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What is Ophiopogon?

Terrie Brockmann
Terrie Brockmann

In the plant kingdom, the genus Ophiopogon belongs to the family Liliaceae, or the lily family. There are approximately 50 species in the genus, and most of them are perennial evergreens that usually bear dense spikes of lily-like or bell-shaped flowers on stiff, upright stems. Formerly, botanists grouped them as Mondo, and that genus name is in some literature, especially older books. Depending on the species, the plants may range from about 2 feet (about 61 cm) tall down to a few inches (about 5 cm) tall, and some cultivars are small enough that gardeners use them to fill the spaces between paving stones in walkways.

Gardeners and landscapers use varieties of the Ophiopogon plants as green turf or edging plants in subtropical regions, such as southern California. The sod-forming root system and grass-like foliage lends itself to this type of planting and aids in erosion control. It grows well in sun or shade, and growers propagate it by root division. People seldom raise it as a houseplant, but often gardeners plant it in rock gardens and in gardens as specimen plants. Where it is not hardy, gardeners grow it as an annual.

Man mowing the grass
Man mowing the grass

The O. planiscapus plant is one of the shorter species at about 6 inches (about 15 cm) in height and width. Generally, growers raise it for its dark purple, almost black leaves. Like many Ophiopogon plants, the fruit usually is glossy, blue-violet, and ellipsoid. As it is not hardy in colder climates, gardeners often treat it as an annual in those climates. Other species and cultivars have striped leaves with long stripes of yellow, cream, and various shades of green, depending on the plant's breeding.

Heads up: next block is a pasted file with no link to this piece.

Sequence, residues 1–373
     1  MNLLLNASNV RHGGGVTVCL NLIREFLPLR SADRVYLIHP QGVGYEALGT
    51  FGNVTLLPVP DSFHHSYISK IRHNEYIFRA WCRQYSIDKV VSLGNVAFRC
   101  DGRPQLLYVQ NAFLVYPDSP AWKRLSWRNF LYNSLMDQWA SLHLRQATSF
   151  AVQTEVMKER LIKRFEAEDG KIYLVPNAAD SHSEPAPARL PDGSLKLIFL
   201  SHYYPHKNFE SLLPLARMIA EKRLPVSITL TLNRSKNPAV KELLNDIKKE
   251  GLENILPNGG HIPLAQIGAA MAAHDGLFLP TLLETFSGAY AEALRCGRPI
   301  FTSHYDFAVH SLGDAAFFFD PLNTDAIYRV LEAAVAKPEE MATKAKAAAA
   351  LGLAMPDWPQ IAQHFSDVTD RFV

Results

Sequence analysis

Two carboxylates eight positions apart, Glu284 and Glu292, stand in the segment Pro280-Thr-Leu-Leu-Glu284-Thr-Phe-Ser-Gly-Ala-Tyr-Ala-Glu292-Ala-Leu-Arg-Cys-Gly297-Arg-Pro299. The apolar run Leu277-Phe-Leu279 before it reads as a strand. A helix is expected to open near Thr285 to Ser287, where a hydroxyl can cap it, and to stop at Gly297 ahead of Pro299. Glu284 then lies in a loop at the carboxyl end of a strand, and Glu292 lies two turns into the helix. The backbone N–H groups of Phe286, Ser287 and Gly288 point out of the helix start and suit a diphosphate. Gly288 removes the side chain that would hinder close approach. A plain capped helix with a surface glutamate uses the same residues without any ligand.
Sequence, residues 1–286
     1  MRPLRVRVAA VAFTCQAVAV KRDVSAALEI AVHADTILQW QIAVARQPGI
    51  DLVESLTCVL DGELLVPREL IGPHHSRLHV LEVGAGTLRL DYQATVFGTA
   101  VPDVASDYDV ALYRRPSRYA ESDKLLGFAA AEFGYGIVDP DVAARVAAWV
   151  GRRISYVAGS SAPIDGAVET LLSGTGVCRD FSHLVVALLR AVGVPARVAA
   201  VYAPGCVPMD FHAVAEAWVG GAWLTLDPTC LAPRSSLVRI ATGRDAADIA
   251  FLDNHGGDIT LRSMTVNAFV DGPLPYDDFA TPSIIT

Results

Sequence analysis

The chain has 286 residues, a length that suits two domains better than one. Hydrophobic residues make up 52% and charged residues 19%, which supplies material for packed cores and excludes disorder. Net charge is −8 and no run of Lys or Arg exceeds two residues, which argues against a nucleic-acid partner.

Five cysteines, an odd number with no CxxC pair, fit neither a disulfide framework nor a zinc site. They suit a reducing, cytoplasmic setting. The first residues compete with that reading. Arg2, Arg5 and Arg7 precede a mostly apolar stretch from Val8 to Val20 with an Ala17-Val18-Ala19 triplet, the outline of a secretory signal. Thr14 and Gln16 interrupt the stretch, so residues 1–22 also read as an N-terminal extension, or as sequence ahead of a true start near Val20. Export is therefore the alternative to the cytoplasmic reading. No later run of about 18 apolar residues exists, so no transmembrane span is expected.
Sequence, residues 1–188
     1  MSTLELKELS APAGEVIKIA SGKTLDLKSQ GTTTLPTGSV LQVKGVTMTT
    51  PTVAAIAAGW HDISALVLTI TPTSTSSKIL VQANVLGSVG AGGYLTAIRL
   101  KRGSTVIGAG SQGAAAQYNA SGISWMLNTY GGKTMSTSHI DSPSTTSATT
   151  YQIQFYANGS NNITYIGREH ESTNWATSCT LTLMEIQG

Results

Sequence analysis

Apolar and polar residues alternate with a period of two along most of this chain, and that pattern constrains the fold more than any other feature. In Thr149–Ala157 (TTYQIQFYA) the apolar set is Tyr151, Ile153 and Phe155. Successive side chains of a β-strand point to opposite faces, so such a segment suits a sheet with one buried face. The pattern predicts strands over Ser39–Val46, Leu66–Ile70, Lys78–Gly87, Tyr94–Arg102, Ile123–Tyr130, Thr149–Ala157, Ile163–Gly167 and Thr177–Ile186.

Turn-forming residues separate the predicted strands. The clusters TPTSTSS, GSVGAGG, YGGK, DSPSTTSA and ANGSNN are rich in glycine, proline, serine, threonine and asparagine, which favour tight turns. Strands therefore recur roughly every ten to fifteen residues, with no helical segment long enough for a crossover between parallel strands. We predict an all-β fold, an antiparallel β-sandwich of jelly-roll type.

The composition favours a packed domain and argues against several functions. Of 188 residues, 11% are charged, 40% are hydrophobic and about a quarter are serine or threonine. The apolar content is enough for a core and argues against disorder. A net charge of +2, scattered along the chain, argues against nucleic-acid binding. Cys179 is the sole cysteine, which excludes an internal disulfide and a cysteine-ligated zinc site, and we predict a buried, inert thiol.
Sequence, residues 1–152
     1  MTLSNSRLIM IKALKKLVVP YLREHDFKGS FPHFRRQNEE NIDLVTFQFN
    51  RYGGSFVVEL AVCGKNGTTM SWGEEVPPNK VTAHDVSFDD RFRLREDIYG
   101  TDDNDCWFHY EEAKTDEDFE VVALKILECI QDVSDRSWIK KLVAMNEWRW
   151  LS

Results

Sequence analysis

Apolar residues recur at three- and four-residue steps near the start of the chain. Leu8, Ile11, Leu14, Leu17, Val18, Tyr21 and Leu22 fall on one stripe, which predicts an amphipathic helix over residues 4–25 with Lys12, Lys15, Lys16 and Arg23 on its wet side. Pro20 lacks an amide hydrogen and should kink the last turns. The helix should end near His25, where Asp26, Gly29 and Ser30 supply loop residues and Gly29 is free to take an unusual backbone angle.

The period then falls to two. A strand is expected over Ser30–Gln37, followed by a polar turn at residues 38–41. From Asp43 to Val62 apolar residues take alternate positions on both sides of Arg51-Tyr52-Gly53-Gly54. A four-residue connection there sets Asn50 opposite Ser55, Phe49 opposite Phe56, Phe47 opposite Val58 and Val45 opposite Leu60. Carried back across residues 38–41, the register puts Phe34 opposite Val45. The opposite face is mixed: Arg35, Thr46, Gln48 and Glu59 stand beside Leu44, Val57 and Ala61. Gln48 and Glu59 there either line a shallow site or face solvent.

Snake's beard, or O. japonicus, is a dwarf Ophiopogon plant from parts of China, Japan, and Korea. Underground tuberous roots spread from the plant, which is typically 8 to 12 inches (20 to 30 cm) tall, though some cultivars may be as short as 4 inches (about 10 cm) tall. It often has grass-like foliage that is a darker green than most plants in this genus. The small, bell-shaped white flowers grow on short racemes. Some growers call it Mondo grass, and it is similar to O. jaburan, but usually smaller.

The O. jaburan, or white lily turf, is native to parts of Japan, and like most Ophiopogon plants, it has leathery, dark green leaves. In this species, they are sometimes variegated and often measure 2 feet (about 61 cm) or more in height. Generally, white lily turf is a tall, tufted, and stoloniferous perennial, measuring an average of 2 feet (about 61 cm) tall. The droopy, lily-shaped flowers grow in a spike-shaped raceme that usually is between 3 to 6 inches (about 8 to 15 cm) long at the terminal end of a 6 to 18 inch (about 15 to 46 cm) long, leafless stalk, contingent on the cultivar. Typically, the flowers are white to pale purple, but some cultivars have deep purple flowers.

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      Man mowing the grass